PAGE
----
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Mohidus Samad Khan

Mohidus Samad Khan

Bangladesh University of Engineering and Technology, Bangladesh

Title: Prospect of biofuel in Bangladesh: Bioethanol and biodiesel production at local condition

Biography

Mohidus Samad Khan is an assistant professor at the Department of Chemical Engineering, Bangladesh University of Engineering and Technology (BUET). He completed his BSc in chemical engineering (2004) from BUET, and Ph.D (2006-10) in bio-surface and biotechnology from Monash University, Australia. He worked as a post-doctoral fellow at the Department of Chemistry, McGill University, Canada to continue his research work on bio-surface engineering (2010-13). Since 2013, He is working as an assistant professor at BUET. He also served as a visiting professor (2015) at McGill University, Canada, and as a visiting research scholar (2016-17) at Texas A&M University, USA.

Abstract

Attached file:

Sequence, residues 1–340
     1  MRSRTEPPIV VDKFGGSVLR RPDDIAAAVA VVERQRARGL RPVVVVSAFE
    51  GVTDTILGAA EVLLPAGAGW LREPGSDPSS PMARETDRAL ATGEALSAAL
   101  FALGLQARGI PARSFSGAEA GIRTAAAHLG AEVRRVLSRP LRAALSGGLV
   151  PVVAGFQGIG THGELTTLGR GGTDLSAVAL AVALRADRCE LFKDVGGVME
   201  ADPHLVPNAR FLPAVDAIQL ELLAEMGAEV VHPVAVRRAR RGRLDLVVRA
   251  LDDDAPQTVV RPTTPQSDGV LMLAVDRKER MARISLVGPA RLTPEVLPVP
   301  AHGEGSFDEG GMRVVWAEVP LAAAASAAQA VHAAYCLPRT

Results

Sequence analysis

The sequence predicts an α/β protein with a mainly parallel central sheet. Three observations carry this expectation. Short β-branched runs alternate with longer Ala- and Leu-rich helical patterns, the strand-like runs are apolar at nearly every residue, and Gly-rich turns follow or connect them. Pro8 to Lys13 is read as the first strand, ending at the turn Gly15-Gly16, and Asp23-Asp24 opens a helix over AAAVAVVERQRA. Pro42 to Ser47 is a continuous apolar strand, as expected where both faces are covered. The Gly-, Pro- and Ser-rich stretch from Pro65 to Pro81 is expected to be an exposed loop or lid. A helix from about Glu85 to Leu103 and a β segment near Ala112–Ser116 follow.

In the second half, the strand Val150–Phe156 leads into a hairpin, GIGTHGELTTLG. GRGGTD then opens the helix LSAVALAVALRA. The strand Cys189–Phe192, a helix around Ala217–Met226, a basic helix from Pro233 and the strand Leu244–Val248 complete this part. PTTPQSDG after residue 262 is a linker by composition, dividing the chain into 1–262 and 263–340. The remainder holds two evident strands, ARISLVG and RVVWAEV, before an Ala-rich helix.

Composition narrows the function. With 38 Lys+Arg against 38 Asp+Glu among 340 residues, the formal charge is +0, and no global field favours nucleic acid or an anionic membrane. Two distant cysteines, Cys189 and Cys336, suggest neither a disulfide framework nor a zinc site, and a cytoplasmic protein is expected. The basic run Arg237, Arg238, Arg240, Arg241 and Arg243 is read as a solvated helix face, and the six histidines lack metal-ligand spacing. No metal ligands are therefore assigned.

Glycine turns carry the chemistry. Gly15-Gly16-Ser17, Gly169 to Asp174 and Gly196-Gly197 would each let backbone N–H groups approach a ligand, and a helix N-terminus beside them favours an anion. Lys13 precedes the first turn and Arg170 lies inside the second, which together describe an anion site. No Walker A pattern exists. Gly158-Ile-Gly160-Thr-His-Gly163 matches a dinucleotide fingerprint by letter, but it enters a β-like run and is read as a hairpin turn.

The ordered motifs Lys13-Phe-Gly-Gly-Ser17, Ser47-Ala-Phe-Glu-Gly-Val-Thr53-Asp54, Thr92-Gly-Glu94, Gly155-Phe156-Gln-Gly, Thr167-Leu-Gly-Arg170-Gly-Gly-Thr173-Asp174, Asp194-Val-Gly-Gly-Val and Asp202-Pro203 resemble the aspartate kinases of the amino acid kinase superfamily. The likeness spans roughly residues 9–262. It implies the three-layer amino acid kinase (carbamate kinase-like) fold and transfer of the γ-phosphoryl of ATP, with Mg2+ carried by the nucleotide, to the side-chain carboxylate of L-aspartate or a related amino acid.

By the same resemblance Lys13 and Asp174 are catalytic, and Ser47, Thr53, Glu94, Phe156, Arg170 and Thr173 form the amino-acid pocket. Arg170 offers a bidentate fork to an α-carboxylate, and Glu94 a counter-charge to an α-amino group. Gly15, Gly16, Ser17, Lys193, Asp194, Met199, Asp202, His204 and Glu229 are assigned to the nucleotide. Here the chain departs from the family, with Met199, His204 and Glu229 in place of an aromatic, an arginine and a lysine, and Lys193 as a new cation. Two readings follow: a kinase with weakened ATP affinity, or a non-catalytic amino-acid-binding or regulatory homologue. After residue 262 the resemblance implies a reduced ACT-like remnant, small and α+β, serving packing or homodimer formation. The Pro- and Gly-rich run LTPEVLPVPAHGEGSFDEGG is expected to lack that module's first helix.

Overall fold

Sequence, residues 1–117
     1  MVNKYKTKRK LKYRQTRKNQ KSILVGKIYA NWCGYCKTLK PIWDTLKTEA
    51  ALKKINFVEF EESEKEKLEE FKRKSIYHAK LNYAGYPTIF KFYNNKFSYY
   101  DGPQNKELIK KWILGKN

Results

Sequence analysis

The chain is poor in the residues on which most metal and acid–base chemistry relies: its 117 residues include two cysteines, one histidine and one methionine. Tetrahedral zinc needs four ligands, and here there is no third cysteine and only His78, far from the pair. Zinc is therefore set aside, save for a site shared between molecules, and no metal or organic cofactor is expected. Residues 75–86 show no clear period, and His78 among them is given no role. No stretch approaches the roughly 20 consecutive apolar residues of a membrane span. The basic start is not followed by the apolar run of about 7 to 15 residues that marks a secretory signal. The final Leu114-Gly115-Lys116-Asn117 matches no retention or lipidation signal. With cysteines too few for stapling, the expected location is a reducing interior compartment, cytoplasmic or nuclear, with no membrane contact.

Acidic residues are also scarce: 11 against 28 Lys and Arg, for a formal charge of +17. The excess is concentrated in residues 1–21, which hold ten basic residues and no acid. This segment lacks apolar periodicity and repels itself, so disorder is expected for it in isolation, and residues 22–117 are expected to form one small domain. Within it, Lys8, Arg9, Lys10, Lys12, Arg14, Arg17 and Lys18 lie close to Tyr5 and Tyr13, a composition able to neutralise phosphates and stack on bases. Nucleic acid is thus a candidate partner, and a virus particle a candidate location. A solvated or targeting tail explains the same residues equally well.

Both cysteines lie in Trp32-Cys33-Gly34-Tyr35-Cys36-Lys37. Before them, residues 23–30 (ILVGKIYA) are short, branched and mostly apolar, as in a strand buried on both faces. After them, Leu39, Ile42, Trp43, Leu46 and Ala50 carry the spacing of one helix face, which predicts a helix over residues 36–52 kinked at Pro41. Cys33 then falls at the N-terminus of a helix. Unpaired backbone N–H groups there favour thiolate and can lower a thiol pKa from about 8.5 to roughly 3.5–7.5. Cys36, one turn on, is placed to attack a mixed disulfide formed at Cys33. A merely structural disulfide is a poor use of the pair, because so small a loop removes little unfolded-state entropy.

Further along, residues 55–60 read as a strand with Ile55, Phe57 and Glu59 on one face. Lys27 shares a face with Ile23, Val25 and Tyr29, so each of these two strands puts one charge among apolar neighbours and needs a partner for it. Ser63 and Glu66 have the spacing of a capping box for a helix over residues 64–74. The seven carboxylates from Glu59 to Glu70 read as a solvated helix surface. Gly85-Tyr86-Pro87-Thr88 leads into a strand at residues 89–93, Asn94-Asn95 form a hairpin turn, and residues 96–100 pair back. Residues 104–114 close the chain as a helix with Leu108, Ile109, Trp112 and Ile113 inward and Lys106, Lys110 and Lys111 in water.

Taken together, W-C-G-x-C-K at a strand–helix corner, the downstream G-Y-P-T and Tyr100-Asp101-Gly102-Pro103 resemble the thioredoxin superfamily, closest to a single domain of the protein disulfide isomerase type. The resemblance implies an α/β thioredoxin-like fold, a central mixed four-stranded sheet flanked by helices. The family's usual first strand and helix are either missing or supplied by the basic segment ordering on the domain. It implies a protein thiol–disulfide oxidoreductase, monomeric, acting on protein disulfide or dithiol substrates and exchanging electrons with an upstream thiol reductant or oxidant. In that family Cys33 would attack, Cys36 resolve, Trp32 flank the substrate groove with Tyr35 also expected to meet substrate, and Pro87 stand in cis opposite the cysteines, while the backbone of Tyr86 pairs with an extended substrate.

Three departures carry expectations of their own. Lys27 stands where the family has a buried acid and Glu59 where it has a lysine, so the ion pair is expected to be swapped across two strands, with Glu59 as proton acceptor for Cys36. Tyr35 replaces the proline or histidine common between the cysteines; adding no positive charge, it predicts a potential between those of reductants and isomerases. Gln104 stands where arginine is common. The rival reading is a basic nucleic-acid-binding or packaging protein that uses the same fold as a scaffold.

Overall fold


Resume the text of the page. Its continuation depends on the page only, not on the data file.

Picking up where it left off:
In Bangladesh, the demand of fossil fuel has been consistently increasing with the development of its industrial and agriculture sectors. The annual demand of petroleum products in Bangladesh is met primarily by refining imported crude oils from overseas. To meet the future energy demand and to save foreign exchange, it is essential to look for domestically produced renewable fuel sources. Bioethanol from biomass and biodiesel from microalgae could be potential alternate fuels for Bangladesh. Bioethanol, which is generally obtained from the conversion of carbon-based feedstock, is a quasi-renewable energy source. Although Bangladesh does not commercially produce bioethanol till date, there are few initiatives at the private sector in this regard, and therefore, it is important to understand the fuel properties of bioethanol. This study analyzes different fuel properties, namely, specific gravity & API gravity, viscosity, Reid vapor pressure, calorific value, ASTM color, ASTM distillation, copper strip corrosion and water sedimentation, of bioethanol and 5 and 10 percent bioethanol blended with petrol and octane. To make biofuel production from microalgae economically viable and sustainable, it is important to identify microalgae strains with high lipid content and to find an optimized mass culture technique for local condition. This study presents the growth kinetics of microalga Chlorella vulgaris grown in Bangladesh, in the parameters of cell count, optical density and dry cell weight cultured in 4 different media, namely CH, BB (Bold’s Basal), MLA and CHU (modified). The growth curves obtained from algal growth in all the media were compared with lipid productivity. The extracted lipid was trans-esterified to produce biodiesel and the algal biomass left after lipid extraction was analyzed to quantify protein and other nutrients. This study will be highly useful, providing the baseline properties of locally produced bioethanol and biodiesel as potential alternate fuels for Bangladesh.